The Chatter

Biden vs. Trump Too Close to Call

Largely due to mail-in ballots, the presidential election could take days or weeks to finalize.

Voters in Maryland and around the country went to bed Tuesday night not knowing who will be the next president of the United States.

That hasn’t changed as of Wednesday afternoon. The election between incumbent Republican President Donald Trump and Democratic challenger and former Vice President Joe Biden will likely take days, and possibly even weeks, to finalize after recounts and legal challenges are completed. Largely because of the record-breaking number of absentee mail-in ballots, driven by concerns around in-person voting as the COVID-19 pandemic continues to spread, the initial results in several key states continue to be tallied.

With the country on edge as the first round of ballot results continue to roll in, numerous battleground states, including Pennsylvania, Michigan, Georgia, North Carolina, Nevada, and Arizona have yet been to be decided.

In Maryland, as expected, Biden won in an overwhelming fashion, garnering 62.9 percent of the vote to 34.9 percent for Trump.

As of Wednesday afternoon, with mostly outstanding mail-in ballots—which have tilted Democratic this year—Biden appeared to have a clearer path to victory with slight leads in too-close-to-call Arizona, Wisconsin, and Michigan, which would all represent red-to-blue flips since Trump’s 2016 electoral college win over Hillary Clinton. As in 2016 when Clinton won the popular vote by several million ballots, Biden is projected to win the 2020 presidential popular vote by several million ballots. If Biden loses, it would mark the third election in the past two decades that a Democrat nominee would have captured the popular vote in the country, but lost the presidency to a Republican.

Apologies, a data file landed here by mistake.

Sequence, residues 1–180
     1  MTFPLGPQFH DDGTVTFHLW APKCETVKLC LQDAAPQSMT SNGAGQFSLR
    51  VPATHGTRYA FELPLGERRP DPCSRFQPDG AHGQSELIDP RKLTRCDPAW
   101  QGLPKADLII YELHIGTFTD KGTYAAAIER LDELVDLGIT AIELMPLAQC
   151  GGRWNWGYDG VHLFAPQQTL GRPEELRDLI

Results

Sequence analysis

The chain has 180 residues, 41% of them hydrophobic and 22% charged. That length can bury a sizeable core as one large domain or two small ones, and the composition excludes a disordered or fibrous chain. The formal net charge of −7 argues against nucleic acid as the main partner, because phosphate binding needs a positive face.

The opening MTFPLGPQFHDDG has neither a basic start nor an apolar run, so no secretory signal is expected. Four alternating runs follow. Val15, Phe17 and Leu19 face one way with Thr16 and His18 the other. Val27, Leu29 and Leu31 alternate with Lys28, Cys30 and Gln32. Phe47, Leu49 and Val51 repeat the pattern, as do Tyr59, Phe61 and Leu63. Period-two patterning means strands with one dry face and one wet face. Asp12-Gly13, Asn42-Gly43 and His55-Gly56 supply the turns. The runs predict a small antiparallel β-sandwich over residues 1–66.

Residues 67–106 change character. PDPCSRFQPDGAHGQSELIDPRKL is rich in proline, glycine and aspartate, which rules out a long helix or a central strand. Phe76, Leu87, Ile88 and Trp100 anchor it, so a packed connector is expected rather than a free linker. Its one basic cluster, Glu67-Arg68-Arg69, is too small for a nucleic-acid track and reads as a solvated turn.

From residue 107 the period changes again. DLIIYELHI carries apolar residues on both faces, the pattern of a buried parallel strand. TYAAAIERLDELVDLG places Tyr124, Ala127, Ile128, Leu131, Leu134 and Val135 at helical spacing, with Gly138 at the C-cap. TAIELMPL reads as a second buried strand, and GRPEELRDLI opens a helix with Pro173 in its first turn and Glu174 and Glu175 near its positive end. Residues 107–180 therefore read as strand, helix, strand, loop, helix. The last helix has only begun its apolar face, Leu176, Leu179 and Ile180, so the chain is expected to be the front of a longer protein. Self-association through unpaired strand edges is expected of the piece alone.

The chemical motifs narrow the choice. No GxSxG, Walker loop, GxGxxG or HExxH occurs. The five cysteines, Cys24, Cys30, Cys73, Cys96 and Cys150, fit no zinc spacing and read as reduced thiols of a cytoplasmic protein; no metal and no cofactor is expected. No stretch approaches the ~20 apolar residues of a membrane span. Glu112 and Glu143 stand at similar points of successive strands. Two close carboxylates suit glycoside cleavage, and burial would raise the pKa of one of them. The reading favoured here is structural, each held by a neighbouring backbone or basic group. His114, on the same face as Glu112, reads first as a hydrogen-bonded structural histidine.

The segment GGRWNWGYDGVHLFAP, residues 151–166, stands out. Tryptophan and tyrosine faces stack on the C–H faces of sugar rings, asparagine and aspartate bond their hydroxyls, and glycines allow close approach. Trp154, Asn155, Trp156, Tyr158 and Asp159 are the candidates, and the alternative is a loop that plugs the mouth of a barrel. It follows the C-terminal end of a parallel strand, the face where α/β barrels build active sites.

If the Biden and vice-presidential nominee Kamala Harris ticket is ultimately declared the winner, Harris, the U.S. senator from California, would be the first woman elected to the second-highest office in the country.

Both candidates addressed their supporters early Wednesday morning with the election still hanging in the balance. Trump attempted to prematurely declare a reelection win and made the false claim that efforts to steal the election were underway, even as legally cast ballots across the country—as well as those of overseas members of the military—were still being tallied. Biden asked for patience as votes continue to be counted and the results certified by state election boards.

No matter who wins presidential race, Democrats will not achieve the big win they were looking for given Biden’s larger edge in the polls going into Tuesday. Nor does it look likely that they will flip the U.S. Senate.

After 2016, when polls in key states underestimated Trump’s support—although his upset wins in key states like Wisconsin, Michigan, and Pennsylvania fell within the margin of errors—polls in several states now appear to have been misleading. Again, polls that underestimated Trump’s support in key states will be one of many topics of debate after everything is decided.

In a tweet, Goucher College associate professor of political science Mileah Kromer, founder of the Goucher Poll—which focuses on Maryland politics and accurately modeled the presidential outcome in the state—said “pollsters worked to correct the mistakes of 2016.” She added, however, that despite a good 2018 cycle, and even if Biden secures an election college victory as polling predicted, the industry as a whole “clearly did not.”